Feasibility and pilot study of a brief self-compassion intervention addressing body image distress in breast cancer survivors

Angela Mifsud, Melissa J. Pehlivan, Paul Fam, Maddison O’Grady, Annamiek van Steensel, Elisabeth Elder, Jenny Gilchrist, Kerry A. Sherman

Research output: Contribution to journalArticlepeer-review

16 Citations (Scopus)
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Background: The majority of breast cancer survivors (BCSs) experience body image concerns following treatment. Body Image distress (BID) is associated with psychological distress and diminished quality of life. A web-based self-compassion focused writing activity (My Changed Body – MyCB) reduces BID in BCSs, yet limited research exists on participant characteristics associated with such intervention adherence. Self-compassion-based meditations are also efficacious in reducing BID in non-BCS populations. This parallel, double-blind pilot randomised controlled trial aimed to assess the feasibility and acceptability of MyCB, with and without an additional meditation component, on BID and related psychological outcomes in BCSs. The trial was registered with the Australian and New Zealand Clinical Trials Registry (#ACTRN12619001693112).

Methods: BCSs were randomly allocated to MyCB (n = 39), MyCB + Meditation (MyCB + M) (n = 17) or an expressive writing (EW) active control arm (n = 23). The primary outcome was BID. Secondary outcomes were body appreciation, affect (positive and negative), psychological distress (depression, anxiety and stress) and self-compassion (state and trait). Assessments were completed online at baseline, post-intervention and 1-month.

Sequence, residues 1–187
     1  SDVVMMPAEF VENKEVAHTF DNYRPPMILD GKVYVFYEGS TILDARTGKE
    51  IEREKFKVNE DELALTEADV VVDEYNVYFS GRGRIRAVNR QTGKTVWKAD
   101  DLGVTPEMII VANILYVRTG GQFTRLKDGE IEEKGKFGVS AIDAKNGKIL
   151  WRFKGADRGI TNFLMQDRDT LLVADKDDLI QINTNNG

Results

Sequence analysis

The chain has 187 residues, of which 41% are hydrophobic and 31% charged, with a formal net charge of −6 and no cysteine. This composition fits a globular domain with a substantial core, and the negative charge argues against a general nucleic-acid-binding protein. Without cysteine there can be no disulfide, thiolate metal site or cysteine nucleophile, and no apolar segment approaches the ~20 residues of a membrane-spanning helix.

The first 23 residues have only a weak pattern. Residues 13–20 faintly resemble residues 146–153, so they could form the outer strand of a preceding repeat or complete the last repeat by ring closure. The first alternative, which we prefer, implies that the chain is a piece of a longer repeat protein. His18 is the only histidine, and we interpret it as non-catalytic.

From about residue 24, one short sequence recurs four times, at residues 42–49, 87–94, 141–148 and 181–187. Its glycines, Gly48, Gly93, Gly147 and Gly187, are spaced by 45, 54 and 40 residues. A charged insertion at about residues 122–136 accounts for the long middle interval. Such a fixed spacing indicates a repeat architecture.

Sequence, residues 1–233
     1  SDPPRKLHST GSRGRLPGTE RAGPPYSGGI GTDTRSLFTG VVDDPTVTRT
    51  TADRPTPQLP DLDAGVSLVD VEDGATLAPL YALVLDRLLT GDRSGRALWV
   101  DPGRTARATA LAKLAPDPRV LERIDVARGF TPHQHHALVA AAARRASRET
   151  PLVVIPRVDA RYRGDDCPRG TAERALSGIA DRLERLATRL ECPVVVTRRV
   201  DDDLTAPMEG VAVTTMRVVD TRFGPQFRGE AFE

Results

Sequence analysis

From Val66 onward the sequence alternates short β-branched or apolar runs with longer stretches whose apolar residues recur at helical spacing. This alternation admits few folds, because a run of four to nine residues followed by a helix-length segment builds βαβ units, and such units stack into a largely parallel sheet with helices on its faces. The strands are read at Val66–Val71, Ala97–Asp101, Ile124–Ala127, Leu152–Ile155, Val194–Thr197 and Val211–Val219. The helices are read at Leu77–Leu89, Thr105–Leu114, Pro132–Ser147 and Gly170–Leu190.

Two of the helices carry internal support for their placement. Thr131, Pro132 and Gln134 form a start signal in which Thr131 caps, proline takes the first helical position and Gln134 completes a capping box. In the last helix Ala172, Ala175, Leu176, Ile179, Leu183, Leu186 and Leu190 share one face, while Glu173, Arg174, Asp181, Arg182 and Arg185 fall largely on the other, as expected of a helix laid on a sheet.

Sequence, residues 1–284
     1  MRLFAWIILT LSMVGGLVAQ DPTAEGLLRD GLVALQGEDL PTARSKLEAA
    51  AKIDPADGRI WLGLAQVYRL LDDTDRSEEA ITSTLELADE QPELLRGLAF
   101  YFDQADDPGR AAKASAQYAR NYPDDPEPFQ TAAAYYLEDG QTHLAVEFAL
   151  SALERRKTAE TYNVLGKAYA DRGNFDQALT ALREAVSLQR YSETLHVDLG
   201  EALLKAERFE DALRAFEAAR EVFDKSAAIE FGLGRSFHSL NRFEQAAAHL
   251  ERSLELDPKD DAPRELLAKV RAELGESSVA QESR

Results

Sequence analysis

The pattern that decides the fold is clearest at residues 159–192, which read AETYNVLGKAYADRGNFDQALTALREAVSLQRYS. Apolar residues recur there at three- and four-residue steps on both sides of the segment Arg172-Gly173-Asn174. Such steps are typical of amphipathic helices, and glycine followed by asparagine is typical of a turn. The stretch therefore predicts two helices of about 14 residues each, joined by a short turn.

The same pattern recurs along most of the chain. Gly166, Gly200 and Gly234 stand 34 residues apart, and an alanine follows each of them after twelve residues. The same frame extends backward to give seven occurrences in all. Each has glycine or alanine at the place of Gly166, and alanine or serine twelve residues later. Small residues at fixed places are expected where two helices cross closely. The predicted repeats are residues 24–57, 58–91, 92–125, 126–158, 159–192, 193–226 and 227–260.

Results: Adherence to the MyCB writing (45%) and meditation (50%) was modest, and acceptability was high for both MyCB and MyCB + M. Intent to treat linear mixed model analyses indicated: Post-intervention – state self-compassion and positive affect increased for MyCB compared to EW; 1-month: BID scores decreased across all conditions; trait self-compassion increased and anxiety decreased for MyCB + M compared to MyCB and EW.

Conclusion: These findings provide preliminary evidence for the efficacy and potential clinical use of the MyCB brief web-based self-compassion intervention alone and with the addition of meditation, to increase self-compassion and psychological wellbeing in BCSs.
Original languageEnglish
Pages (from-to)498-526
Number of pages29
JournalHealth Psychology and Behavioral Medicine
Issue number1
Publication statusPublished - 21 May 2021

Bibliographical note

Copyright the Author(s) 2021. Version archived for private and non-commercial use with the permission of the author/s and according to publisher conditions. For further rights please contact the publisher.


  • breast cancer
  • self-compassion
  • body image
  • e-health intervention
  • feasibility
  • Breast cancer


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